I promised a more detailed treatment about the Alan Ramos incident. For further details and background, you may refer to the following article here :
Basically, many netizens were upset with my previous employer for hiring a Mexican Harvard psychology graduate when it was perceived that many Singaporean mid-career engineers are in a dire need of a job. When confronted on FB, IDA was silent on why it made the decision to hire Alan Ramos.
I did not meet Alan during my stay in IDA. In fact, I met him at Barcamp prior to becoming a public officer. My impression of him was quite good, he seemed dynamic and could think quickly on his feet although I felt he was overselling his Harvard credentials at that time. I did spend some time wondering what happened to this Boy Wonder throughout my stay in IDA. That was until I read the news that he was involved with an underaged prostitute.
My aim for this posting is to not to represent IDA, but to share what I think could have been a better alternative than keeping silent on the decision to hire Alan Ramos. I also would need to do this in a way that is fair to my previous employer, where I still have many friends.
Right now, I doubt that any officer could have provided an answer the way I did because any message would have been heavily censored before it was placed on FB. This is just the way the government bureaucracy works. Career risk is very high for many senior public servants, there is simply too much incentive not to make mistakes rather than to do something which the public perceives as being the "right" thing to do.
Now to the gist of why agencies needs the likes of Alan Ramos :
To address the question of hiring psychology graduates, you need to really understand that IDA is not IBM, HP or even NCS - IDA is a government agency. Dollars and cents are not the most precious currency in a government organization. IMHO, the most precious currency is accountability - a chain of documents and paperwork which can demonstrate integrity of any officer and his superiors if subject to the scrutiny of any auditor.
Unless you work in GCIO which is the IT department that runs the government servers, you are a bureaucrat who will spend a lot of time writing approval papers and making power point presentations. As such, I think that a project manager who has spent 20 years on SDLC would make a horrible government servant, unless he likes doing documentation, I would bet that he would be surprised at the amount of paperwork which needs to be done just to keep the project running.
In such a situation, having a public officer who is trained in the liberal arts like Alan Ramos would make much more sense. His papers would be riddled with fewer grammatical errors and psychology majors have a knack for reading other people, which in my opinion, more important in an agency because a lot of presentations require a large amount of mind-reading so that it can pushed to another layer of approval. Liberal arts majors also do a little bit of science subjects so it may be possible that Alan may have taken a Computer Science module or two before getting hired.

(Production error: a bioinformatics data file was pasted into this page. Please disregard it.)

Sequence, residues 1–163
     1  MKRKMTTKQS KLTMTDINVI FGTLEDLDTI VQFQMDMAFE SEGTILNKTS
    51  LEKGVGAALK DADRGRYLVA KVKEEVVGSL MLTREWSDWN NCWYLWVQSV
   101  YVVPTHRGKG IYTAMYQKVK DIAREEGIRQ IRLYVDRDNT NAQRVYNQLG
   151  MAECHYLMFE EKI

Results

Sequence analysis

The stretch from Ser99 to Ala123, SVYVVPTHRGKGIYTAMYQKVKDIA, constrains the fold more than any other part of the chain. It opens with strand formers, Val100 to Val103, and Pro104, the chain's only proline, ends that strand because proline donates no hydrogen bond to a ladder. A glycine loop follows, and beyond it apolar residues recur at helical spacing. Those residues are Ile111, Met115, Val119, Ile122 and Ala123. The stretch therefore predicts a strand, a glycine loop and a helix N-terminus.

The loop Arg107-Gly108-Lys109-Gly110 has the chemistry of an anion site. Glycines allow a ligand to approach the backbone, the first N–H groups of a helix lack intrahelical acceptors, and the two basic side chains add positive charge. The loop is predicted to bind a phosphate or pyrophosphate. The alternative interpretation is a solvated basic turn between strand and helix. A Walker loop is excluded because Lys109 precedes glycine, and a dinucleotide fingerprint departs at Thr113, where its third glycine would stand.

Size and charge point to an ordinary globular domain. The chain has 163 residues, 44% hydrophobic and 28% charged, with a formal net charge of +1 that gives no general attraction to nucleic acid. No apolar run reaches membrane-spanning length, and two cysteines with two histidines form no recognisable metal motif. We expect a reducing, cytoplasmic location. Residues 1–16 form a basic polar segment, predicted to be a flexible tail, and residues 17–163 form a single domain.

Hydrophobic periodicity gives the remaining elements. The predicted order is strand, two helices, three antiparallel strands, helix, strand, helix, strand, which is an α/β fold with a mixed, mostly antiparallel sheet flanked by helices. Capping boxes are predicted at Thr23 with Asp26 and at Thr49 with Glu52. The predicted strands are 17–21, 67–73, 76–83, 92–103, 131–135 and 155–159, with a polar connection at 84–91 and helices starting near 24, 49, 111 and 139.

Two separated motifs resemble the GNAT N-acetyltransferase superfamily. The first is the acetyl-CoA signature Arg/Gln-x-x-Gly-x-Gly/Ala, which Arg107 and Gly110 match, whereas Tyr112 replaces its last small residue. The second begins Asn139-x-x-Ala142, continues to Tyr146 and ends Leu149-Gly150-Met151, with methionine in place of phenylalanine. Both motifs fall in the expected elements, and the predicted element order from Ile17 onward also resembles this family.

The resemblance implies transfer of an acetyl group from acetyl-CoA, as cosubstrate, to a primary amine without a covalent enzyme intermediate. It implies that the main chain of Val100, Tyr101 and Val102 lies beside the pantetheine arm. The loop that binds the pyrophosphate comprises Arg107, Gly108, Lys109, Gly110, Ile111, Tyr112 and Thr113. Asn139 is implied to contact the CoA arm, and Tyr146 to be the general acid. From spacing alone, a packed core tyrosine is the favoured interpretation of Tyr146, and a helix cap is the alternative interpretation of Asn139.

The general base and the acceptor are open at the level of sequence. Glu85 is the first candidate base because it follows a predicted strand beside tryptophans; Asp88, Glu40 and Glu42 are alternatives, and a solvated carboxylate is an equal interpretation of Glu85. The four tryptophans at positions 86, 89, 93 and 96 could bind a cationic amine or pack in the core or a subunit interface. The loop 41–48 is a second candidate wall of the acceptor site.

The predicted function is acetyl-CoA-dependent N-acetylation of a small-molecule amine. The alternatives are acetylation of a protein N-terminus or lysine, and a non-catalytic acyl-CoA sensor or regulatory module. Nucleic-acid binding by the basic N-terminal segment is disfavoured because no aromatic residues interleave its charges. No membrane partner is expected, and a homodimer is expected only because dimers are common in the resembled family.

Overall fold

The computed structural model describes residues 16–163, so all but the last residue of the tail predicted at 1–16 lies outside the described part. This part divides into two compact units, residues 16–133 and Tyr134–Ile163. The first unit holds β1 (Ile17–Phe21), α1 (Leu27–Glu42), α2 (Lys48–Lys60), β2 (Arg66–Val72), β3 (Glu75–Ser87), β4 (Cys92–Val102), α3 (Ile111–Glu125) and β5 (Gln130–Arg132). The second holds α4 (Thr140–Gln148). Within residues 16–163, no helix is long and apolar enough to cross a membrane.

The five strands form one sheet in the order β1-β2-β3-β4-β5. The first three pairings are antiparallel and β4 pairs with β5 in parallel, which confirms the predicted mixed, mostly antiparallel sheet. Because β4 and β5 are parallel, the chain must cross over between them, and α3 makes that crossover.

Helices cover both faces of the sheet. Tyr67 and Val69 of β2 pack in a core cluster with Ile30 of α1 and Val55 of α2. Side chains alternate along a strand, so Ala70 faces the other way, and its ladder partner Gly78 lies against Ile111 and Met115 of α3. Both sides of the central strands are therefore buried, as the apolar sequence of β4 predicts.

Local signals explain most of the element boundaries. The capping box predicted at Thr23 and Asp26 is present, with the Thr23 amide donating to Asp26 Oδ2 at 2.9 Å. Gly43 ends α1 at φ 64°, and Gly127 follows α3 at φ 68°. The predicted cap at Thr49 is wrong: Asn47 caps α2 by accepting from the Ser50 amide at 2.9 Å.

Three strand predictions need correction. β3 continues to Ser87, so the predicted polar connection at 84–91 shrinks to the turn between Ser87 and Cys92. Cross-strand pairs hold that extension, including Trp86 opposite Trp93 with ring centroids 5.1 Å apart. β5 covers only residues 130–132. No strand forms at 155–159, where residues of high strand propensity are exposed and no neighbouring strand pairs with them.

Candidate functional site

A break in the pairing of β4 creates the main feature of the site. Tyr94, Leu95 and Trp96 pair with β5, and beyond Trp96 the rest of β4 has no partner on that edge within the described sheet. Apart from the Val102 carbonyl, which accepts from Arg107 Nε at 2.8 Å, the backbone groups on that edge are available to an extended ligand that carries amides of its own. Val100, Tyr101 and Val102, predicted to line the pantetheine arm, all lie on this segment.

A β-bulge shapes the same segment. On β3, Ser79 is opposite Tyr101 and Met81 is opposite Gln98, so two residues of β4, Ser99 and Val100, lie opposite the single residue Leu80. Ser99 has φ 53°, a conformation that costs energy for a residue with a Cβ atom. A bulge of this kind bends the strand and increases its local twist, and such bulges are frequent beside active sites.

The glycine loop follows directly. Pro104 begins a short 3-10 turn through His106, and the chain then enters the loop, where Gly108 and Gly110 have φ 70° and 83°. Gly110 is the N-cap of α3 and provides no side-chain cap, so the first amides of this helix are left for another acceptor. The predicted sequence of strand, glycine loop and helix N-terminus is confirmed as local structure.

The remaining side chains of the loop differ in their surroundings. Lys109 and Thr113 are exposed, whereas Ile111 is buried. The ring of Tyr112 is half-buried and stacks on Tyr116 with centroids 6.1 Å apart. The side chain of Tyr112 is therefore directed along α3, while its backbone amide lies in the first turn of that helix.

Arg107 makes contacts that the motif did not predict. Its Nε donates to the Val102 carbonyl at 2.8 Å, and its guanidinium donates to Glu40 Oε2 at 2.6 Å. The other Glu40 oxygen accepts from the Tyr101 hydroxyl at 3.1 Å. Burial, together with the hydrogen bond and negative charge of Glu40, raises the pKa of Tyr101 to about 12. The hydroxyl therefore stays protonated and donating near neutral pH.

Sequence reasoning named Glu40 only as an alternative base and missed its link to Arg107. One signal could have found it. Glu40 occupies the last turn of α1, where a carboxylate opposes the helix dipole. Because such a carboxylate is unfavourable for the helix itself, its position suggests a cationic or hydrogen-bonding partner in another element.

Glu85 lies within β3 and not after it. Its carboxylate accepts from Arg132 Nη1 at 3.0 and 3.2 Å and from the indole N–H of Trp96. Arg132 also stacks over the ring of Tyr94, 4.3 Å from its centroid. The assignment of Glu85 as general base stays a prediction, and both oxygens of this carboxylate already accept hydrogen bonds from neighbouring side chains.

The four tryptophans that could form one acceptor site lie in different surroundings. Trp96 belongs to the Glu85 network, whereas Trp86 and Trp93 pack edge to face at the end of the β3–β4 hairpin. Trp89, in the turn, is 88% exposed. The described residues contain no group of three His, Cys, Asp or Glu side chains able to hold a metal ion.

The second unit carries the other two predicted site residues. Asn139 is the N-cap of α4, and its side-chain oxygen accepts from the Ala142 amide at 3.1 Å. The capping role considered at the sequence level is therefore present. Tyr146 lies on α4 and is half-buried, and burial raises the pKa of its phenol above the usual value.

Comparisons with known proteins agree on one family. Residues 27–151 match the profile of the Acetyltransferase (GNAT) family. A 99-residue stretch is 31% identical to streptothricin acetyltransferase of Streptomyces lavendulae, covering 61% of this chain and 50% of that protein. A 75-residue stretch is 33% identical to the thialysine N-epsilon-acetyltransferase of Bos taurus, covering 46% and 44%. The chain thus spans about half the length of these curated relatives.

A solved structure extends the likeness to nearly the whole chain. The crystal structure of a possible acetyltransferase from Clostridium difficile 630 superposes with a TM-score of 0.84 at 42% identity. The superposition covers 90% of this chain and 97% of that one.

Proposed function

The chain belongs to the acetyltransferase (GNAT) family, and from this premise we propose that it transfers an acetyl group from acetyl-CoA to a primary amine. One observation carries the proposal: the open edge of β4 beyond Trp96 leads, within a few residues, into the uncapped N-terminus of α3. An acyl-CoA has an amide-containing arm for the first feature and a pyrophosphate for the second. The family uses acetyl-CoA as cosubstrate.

The next item which I would like to address is the problem of mid-career engineers. Like me, you might think that you do have the skills that makes you entitled to an iron rice bowl in a government agency.
The hard and bitter truth about an engineering career is that it needs to be maintained to stay relevant. Most of us in our 40s have worthless degrees with a resume full of project victories which employ outmoded technologies or IT management frameworks.
If you are an operations PM who knows ITIL at the back of your hand, DevOps is the new killer management paradigm which threatens your livelihood by having developers manage their change processes over the cloud without operations staff.
What is the use of having SDLC experience when a lot of organizations are looking at AGILE methodology which is cheaper and results in software that better serves the needs to the companies.
Can a DBA set-up a Hadoop cluster ?
Are you a software engineer stuck in the C# .NET framework when the hottest programming languages are Python and Ruby ?
Can an old school TCP/IP stack engineer re-tool himself for the Internet of Things ?
Can an algorithms expert understand Naive Bayes or the working of the K Nearest Neighbour algorithm ?
In the short term, engineers have the hottest skills to get the best tech jobs. After 10 years, there will be enough technology disruption to render your skills worthless, that's even if you hold a tech job continuously because your company may not change as fast as the tech industry.
At least Alan Ramos still has his liberal arts background which is timeless and allows him to adapt to changes in any industry.
To many mid-career engineers, it looks like an iron rice-bowl is a great way to escape the great obsolescence that awaits all engineering careers, but from my personal experience, many of us are really not suited to government careers.
Instead I recommend the following :
a) Can you earn your income from investments ?
b) Do you have the skills and capital to start a small business ?
c) Why not obtain a taxi license ?
Alan Ramos will be fully dealt with by the law, but don't begrudge his skills and training, they may really be more suited to a government agency than you think.